This type of top down measurement & verification would be considered Option C by the International Performance Measurement and Verification Protocol (IPMVP). IPMVP usually doesn’t recommend Option C unless the total change will be at least 10% as anything smaller is typically caught up in “noise”. Note this 10% threshold is % of water loss, not % of total water use, so it may apply in projects where a large amount of water loss reduction is attributed to meter inaccuracy.
In addition to variation in water loss, total water consumption varies substantially year over year, especially in areas that use a lot of irrigation (causing rainfall dependent usage). This makes quantification of non-revenue water based on total consumption nearly impossible as well.
Even if these items could be isolated, measured, and normalized we would still have differences due to the demographic makeup of different communities and their respective water users, making it difficult to apply guidelines between cities.
Due to the complexity above, some cities have decided to assume no increase in water/sewer revenue associated with a project. This may be too conservative as the net impact will likely still be positive. If this approach is taken and all project costs are funded through water rate increases then the customer may be hit with a “double whammy” from increased rates and increased accuracy.
Perhaps the best we can do for now is to accurately quantify the theoretical impact due to old vs. new meter accuracy and then apply safety factors based on knowledge of the community and discussions amongst staff.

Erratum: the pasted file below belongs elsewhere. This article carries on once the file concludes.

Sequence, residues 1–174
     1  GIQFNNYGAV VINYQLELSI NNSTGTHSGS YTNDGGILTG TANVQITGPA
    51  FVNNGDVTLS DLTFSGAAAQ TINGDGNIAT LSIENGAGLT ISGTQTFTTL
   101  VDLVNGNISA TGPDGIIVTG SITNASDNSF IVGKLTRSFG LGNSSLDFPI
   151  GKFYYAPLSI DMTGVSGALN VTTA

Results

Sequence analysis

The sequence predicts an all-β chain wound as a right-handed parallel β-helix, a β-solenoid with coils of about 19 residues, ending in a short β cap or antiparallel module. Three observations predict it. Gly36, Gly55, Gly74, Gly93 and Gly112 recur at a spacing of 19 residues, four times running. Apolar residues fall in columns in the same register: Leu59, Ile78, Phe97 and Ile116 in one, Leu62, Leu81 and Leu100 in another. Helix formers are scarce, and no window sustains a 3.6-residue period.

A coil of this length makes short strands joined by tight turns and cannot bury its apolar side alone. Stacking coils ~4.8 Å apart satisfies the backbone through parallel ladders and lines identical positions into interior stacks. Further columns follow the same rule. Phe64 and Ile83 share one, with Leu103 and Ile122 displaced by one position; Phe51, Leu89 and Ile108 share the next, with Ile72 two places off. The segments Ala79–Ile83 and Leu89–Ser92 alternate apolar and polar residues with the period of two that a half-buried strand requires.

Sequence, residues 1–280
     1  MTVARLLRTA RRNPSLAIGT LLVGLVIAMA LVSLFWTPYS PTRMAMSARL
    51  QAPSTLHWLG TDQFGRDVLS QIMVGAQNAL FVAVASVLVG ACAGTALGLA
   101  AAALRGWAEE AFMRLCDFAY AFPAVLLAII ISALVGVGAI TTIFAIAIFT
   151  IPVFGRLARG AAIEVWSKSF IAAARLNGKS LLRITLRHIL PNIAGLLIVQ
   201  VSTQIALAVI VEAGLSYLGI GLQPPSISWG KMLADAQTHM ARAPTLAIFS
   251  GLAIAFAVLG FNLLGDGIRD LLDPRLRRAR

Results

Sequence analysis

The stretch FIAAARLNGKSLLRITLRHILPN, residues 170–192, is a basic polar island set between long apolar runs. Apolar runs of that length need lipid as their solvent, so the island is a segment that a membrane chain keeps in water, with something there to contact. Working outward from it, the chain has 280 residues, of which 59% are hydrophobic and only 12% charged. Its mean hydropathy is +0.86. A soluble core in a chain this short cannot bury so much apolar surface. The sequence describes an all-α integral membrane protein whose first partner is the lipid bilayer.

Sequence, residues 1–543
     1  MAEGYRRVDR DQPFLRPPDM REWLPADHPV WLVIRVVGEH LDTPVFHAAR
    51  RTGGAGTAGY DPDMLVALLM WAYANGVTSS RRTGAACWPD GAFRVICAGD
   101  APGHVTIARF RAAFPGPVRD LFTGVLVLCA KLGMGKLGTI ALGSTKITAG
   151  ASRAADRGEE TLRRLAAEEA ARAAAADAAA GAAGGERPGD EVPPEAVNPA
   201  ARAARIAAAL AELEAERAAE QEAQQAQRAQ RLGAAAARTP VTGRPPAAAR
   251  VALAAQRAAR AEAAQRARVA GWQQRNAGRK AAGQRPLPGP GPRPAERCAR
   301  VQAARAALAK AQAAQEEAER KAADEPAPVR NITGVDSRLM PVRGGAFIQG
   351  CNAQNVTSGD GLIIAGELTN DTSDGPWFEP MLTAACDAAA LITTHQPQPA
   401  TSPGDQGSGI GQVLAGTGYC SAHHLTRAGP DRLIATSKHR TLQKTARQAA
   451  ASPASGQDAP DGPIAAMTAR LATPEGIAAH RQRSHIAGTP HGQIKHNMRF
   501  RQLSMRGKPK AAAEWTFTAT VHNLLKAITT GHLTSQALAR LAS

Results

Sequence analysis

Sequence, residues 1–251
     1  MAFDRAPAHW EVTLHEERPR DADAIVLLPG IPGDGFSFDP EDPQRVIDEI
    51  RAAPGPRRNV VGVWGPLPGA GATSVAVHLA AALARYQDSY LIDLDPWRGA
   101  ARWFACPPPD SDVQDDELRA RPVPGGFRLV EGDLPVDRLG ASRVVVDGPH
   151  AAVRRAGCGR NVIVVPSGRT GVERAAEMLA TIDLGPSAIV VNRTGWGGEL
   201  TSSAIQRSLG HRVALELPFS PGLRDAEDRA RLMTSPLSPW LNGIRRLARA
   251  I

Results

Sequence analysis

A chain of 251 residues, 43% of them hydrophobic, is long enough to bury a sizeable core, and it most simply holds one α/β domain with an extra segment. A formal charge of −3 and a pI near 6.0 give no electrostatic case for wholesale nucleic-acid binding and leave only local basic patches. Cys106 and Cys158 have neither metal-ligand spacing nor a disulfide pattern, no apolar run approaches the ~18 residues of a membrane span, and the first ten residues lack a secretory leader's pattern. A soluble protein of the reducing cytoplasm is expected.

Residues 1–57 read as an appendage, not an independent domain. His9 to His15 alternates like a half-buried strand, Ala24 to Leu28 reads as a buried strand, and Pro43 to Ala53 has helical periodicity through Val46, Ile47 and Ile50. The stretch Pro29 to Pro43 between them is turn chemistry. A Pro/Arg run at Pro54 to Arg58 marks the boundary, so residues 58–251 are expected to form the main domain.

If you’re considering an AMI rollout and would like to talk more about these considerations please reach out via our Contact page. We’re always available to chat.
The Holisus Team
Bonus: A Note on “Savings Guarantees”
A common way to fund AMI upgrades is through Energy Savings Performance Contracts. These contracts use the expected increase in water/sewer revenue to fund the cost of needed upgrades. The water/sewer revenue is typically stated as a “guaranteed” increase.
While it is not always the fault of the Energy Services Company (ESCO) completing the project, the term “guaranteed savings” is a bit confusing due to all the factors we’ve discussed so far. The ESCO simply cannot actually guarantee that the revenues will increase by a certain dollar amount.
Rather, the ESCO completes the analysis we’ve described on existing vs. new meters and then layers in a guarantee that the new meters will meet a certain minimum level of accuracy. This is measured by testing a set of the new meters at some point(s) after they’ve been installed. Assuming no other offsetting factors or inaccuracy introduced in the sampling methodology, this would translate to actual revenue increase.
Energy Savings Performance Contracts can be a very good way to fund and implement programs like AMI conversions, energy efficiency work, etc. Just be sure to discuss the considerations we’ve talked about in this resource article to make sure you’re comfortable with the assumptions being put into the revenue analysis being completed by the ESCO as you’re still taking the risk associated with the uncertainty of these calculations.